The theory of the continuous power stroke rotary engine, CPSRE, is designed to reduce the loss of energy that occurs while transferring the combustion energy to the output shaft. In CPSRE, the energy produced by combustion is transferred to the rotor which is directly keyed to the output shaft.
The CPSRE has a ratchet like rotor with smooth edges, which is placed inside a circular casing. Spring loaded vanes are placed in radial direction along the casing as shown in figure. The rotor vanes and casing has an oil seal between them, which forms a chamber between each vane, rotor teeth and casing. CPSRE consists of two rotors on either side of the casing and is locked to the same shaft. The two rotors are locked to the output shaft at a given angular offset between their teeth. The primary rotor is for induction and compression of air and the secondary rotor for combustion and exhaustion.
When the rotor rotates the volume in front of the vane increases and it sucks in air-fuel mixture and the volume behind the vane decreases which compresses the mixture which was sucked during the previous stage. This compressed air-fuel mixture is transferred to the secondary rotor through a transfer port. The mixture is ignited in the combustion chamber and it pushes the rotor forward. During the next stage the burned gases is pushed out through the exhaust port.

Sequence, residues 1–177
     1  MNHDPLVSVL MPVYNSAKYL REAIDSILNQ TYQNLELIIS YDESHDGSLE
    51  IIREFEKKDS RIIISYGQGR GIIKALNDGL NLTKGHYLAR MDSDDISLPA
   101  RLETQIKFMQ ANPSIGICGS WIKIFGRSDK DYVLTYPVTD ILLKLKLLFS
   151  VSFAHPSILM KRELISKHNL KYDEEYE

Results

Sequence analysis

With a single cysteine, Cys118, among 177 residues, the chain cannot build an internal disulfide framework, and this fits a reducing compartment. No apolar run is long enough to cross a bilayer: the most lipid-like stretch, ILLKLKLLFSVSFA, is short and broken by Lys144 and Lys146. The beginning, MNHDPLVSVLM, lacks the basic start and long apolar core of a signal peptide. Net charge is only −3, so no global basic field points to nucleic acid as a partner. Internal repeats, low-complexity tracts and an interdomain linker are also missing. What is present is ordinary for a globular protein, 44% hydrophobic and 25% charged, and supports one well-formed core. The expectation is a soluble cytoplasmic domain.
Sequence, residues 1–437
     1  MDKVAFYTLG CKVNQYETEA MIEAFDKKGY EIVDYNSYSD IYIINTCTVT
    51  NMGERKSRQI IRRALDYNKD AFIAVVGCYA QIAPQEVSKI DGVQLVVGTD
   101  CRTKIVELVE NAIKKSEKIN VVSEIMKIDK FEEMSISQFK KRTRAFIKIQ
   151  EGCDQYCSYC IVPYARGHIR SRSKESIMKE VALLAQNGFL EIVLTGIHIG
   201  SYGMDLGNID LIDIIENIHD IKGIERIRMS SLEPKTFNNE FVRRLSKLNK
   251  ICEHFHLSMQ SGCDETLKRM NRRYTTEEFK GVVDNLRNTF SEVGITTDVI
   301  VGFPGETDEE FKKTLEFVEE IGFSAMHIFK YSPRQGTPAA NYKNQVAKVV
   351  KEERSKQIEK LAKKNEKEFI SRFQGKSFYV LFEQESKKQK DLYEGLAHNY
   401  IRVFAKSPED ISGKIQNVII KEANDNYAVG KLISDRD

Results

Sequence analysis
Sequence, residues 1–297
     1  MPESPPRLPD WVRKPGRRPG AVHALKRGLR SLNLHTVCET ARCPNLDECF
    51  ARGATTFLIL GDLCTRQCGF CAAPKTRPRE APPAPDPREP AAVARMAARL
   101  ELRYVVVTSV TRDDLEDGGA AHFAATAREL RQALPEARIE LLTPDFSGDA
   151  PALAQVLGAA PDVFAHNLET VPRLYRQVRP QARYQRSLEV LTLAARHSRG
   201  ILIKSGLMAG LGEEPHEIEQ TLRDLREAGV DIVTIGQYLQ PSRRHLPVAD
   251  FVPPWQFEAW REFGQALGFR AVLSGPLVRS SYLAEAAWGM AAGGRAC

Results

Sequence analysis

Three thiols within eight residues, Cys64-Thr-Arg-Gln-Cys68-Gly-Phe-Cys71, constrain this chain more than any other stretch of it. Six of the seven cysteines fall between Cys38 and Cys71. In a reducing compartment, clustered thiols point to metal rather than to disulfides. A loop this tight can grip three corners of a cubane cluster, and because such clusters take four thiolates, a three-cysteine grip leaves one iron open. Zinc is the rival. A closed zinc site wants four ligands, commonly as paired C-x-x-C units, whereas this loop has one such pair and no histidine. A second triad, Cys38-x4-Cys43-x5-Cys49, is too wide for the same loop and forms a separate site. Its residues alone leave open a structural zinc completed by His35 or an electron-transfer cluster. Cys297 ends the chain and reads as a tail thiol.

For a rotor with 3 teeth there will be 9 power strokes in one complete rotation of the output shaft. In every instant there is an induction, compression, combustion and power stroke. Since the rotor is symmetrical there is no need for a balancing weight. Rotor itself can act as a flywheel since it is mounted on a center shaft, thus reducing size and weight of the engine.
In rotary Wankel engine, rotor is connected to an eccentric shaft and uses a timing gear, but in CPSRE rotor is directly keyed to the output shaft.
CPSRE can be used in everywhere a reciprocating engine can be used. By using rotor with different number of teeth according to size of the engine, it might prove better than a conventional engine to certain applications. Compact size and lesser weight is an ideal option for automobile application. With no need for a valve or its accompanying arrangements, number of parts is reduced which will greatly reduce cost and time of production.
With the simplest designs all the main parts can be machined on a 3-axis CNC milling and a CNC lathe. The challenging task though is ensuring an airtight seal between the parts for a long time.